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Monday, November 23, 2009

Best of NY Part II: Momofuku Ssam Bar

Out of all the eateries listed on my New York list, there was only one "must" -- the beyond-hyped Momofuku Ssam Bar. It was a production to book a table for bossam, but it was worth a try. I liked the braised pork a lot as well as his version of the Korean bossam, complete with super fresh oysters, decent kimchi and other less traditional condiments like bibb lettuce (instead of red leaf -- perilla leaves would have been a nice touch) a gingery scallion topping and a pureed version of the same kimchi. The best part of the pork extravaganza was by far the extremely tender pork that had been braised for hours and hours, and that most importantly, sported a nicely charred and wonderfully caramelized crust that gave it a slight crunch.

It was supposed to feed a party of 6-10 but the eight people around our table weren't able to finish it off, as good as it was. Still, upon the descent of the massive pork plate, the usual onslaught of raves associated with braised pork poured -- "fall off the bone," "succulent," and my personal favorite, "like buttah."

The traditional bossam I adore features steamed pork belly. As much as I love that version, this one was very good. But blow my mind it didn't. Maybe it was because bossam isn't new to me. I think the raves it garners may have something to do with the novelty of this dish as well as his interpretation of it. Don't get me wrong. I'm not a hater. I'm heartened that David Chang is so explosively popular (not that what I say will make a dent in his continuing meteoric rise to the top) and hope his success helps to spread the word a bit about Korean food beyond barbecue, bibimbap and soontofu stews.

Here is what I would do differently. I would offer perilla leaves because as you know, those are underused greens that are incredibly fragant and delightful, especially when paired with heavier meats. I would also spice up the kimchi more. Not sure if he makes it in-house, but let's kick it up as those back alley hole-in-the-wall joints would in Korea! No watering down, please. The ssamjang, a salty and spicy paste that accompanies all wraps made from fermented soybean paste and red pepper paste known as kochujang, was also not as punchy as it could have been.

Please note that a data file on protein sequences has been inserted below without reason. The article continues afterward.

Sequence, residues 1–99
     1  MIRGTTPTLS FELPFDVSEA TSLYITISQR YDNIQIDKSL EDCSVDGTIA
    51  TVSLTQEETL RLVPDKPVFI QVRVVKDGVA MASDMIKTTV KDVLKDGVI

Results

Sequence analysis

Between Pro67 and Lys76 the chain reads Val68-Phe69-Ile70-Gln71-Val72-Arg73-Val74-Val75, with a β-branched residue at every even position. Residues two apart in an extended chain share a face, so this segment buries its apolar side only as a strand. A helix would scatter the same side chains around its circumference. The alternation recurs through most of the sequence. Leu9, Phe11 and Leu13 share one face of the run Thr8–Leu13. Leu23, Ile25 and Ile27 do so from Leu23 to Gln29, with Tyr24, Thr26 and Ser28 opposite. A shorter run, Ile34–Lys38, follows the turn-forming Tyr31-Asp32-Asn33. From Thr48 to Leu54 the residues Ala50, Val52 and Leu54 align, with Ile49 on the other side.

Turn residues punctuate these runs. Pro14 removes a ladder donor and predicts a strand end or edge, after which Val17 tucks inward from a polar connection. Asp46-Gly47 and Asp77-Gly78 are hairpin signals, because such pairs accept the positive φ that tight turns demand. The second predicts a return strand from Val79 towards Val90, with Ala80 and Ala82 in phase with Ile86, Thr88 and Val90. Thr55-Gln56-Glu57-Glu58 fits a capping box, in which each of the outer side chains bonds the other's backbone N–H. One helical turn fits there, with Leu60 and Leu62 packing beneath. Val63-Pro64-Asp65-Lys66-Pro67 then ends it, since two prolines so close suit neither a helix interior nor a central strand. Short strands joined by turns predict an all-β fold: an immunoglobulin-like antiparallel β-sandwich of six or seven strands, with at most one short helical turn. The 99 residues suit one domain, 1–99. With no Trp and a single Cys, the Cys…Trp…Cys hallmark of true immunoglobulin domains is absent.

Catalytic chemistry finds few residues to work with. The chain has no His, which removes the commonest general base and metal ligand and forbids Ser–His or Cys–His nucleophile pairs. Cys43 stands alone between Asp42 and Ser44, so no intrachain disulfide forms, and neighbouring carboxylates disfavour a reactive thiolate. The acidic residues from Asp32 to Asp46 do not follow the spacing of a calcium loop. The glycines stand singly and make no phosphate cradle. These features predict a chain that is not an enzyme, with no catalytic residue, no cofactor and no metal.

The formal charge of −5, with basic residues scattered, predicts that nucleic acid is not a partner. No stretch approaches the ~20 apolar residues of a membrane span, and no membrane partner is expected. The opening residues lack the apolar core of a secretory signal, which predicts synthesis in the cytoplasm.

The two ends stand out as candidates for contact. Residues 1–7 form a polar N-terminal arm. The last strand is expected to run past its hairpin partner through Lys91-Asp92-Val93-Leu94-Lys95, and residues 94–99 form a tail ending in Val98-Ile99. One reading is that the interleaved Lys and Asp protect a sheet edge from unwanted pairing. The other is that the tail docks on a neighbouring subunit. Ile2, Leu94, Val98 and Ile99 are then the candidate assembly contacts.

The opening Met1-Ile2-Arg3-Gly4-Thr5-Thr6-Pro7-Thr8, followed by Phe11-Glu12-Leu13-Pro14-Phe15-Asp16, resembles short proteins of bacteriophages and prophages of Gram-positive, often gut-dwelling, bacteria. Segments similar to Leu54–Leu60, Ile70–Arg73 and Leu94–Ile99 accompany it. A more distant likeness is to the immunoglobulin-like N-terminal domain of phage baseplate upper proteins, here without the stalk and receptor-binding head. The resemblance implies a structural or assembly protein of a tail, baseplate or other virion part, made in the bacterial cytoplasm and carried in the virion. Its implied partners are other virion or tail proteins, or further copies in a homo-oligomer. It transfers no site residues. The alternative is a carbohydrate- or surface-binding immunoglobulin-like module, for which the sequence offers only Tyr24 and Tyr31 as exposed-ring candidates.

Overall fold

I was very impressed with the oyster selection, however. I'm not the biggest oyster fan, but these were so fresh and meaty I could have slurped them down solo. It almost made it redundant to wrap both the pork and the oyster in one lettuce goodness.

Besides the main attraction that was the pork, I liked our starters but again, not blown away. Naturally, we ordered even more pork. I had to since I had heard so many raves about those famous pork belly buns. I thought they were pretty good, though not fantastic. They definitely melted in your mouth but the buns weren't as pillowy as they could have been and something about the combination of pickled cucumbers and hoisin sauce didn't do it for me.

The duck breast came with lobster mushroom, daikon and orange for sweetness. It was ok but not great.

Smoked octopus with a dollop of creamy guacamole imparted an interesting flavor combination. The smoked octopus was clean-tasting and I love anything charred and smoky. It came with shishito peppers and cantaloupe that gave it a bit of sweetness.

I had to eat these starters sparingly to save myself for the star pork but next time, I'd like to try other dishes at Ssam Bar as well as check out his other restaurant that only offers tasting menus, Ko.

For dessert, we headed to Momofuku Milk Bar next door but were utterly underwhelmed with the samplings of funky ice-cream flavors like stuffing and cereal, not to mention the cornbread and cookie selection offered.

Skip dessert and take the leftover pork (and bones for broth) home and make carnitas tacos out of them! Definitely worth trying at least once.

Momofuku Ssam Bar
207 2nd Ave. (at 13th)
New York, NY 10003
(212) 254-3500
(takes online reservations only)

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